|Source: Wikimedia Commons|
“I shall bow before him on bended knee,
My fealty to give as long as I live,
Or ’till reign ends, as the gods may decree.”
The crowd finished singing the Hymn of Fealty, and the king screeched with hysterical joy, clapping his hands with delight at the thought of this entire assembly singing in his honour. King Samuel of Tix’chan had been crowned ruler of Trinist only a week ago, and still drew great pleasure from hearing vast auditoriums of people singing his honour. Throwing his head back on the ancient throne of the Tix’chan family, built from the bones of an ancient creature dug from the mountains centuries ago, Samuel laughed at the vaulted ceiling.
Suddenly, his throat snapped closed and he glared at an elderly, venerable steel merchantess in the front row.
“You, Burnt One!” he screamed insanely, “your voice trailed off before the end of the hymn: are you trying to insult me?”
The crowd murmured in nervous horror as the king pronounced this racial slur; the hoary woman’s back snapped straight and her tanned skin flushed even darker with the embarrassment of the king’s unwarranted attack. Open discrimination against minorities had been outlawed over the reign of Queen Alexia centuries ago, and the thinking of the times was that all creatures were born equal in the eyes of the gods.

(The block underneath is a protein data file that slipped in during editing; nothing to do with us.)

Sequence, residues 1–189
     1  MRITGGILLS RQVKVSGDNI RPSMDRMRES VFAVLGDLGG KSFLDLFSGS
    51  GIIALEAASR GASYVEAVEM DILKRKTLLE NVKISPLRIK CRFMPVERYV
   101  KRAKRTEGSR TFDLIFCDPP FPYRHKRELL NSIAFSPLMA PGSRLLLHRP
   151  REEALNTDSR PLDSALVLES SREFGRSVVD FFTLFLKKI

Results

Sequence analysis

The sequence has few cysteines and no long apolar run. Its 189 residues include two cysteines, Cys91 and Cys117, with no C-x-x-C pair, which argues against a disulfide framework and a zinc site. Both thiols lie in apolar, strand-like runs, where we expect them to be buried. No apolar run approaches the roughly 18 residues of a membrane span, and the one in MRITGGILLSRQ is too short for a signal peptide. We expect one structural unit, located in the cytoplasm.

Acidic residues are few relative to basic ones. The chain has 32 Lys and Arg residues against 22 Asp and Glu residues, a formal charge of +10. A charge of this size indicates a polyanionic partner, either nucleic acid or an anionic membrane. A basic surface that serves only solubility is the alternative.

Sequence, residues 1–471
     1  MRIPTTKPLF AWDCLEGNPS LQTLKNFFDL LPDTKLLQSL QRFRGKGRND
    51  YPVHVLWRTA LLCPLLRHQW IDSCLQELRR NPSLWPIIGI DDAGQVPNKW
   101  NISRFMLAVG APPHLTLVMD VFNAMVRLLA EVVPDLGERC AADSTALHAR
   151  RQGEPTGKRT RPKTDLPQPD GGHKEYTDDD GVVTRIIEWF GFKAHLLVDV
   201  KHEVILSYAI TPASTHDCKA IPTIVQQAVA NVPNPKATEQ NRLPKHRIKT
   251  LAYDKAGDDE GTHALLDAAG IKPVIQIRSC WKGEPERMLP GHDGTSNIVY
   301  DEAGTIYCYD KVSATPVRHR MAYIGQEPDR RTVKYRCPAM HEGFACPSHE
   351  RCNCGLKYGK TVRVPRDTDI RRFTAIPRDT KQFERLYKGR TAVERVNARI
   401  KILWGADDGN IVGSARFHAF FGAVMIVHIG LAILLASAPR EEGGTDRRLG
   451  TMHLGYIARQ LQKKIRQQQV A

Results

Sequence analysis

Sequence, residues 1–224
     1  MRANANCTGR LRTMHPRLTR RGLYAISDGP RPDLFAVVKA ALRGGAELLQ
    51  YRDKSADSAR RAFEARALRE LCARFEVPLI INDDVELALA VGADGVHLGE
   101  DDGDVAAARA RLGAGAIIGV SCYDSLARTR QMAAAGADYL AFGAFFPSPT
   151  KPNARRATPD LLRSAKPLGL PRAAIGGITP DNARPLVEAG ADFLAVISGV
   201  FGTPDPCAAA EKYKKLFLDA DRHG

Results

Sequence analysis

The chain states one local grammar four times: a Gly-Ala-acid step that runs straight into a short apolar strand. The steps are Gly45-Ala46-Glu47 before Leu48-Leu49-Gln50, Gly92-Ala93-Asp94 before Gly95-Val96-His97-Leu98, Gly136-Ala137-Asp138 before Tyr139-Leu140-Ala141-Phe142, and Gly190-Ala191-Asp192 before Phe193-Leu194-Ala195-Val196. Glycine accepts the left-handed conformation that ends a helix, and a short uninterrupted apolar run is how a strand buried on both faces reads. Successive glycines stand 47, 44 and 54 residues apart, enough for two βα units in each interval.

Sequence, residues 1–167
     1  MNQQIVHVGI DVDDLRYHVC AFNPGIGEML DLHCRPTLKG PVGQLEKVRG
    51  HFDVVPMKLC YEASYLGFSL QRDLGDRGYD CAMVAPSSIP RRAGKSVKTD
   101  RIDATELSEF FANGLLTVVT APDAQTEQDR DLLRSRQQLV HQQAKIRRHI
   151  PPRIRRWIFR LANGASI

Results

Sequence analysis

Samuel simpered on the throne; his eyes cleared momentarily and he became vaguely aware that he had transgressed a social more and that the consequences of harming such a powerful woman as Dame Gracet could be terrible. However, the mist descended over his eyes again and the king lost all reason. Straightening the crown on his head, Samuel pointed his sceptre at Gracet and shouted:
“Guards! Put this woman in irons; she is to be held in the dungeons, until a trial for the crime of treason can be arranged.”
The guards, in the red and black livery of the Tix’chan house, moved forward hesitantly; Dame Gracet had been a stalwart of the royal court since the conferral of her damehood a decade ago, and there wasn’t a soul in the palace that wasn’t fond of her, her gentle manner or her intelligent advice.
Gracet, however, dealt graciously with the issue: stepping forward, she held out her wrists willingly. The guards, thankful, put the irons around her wrists and led her away. The crowd began to whisper as Dame Gracet made her exit: the monarchs of Trinist were granted a highly limited suite of powers by virtue of a codified constitution; their powers were mainly ceremonial, and they ruled by popular consent. Their reach certainly did not encompass arresting members of society, or accusing private citizens of a crime.
However, these revolutionary changes had occurred a mere one hundred years previously and, as such, there were many in the realm—the current monarch included—who were fighting for the restoration of an absolute monarchy, with full executive powers conferred by divine mandate. To compound problems, King Samuel (nicknamed Samuel the Insane by the more brash members of the court) was of questionable mental capacity, and was unlikely to be able to navigate the choppy waters of Trinistian political life without causing outright civil strife and overseeing a fresh outbreak of violence between the royalist and constitutionalist factions.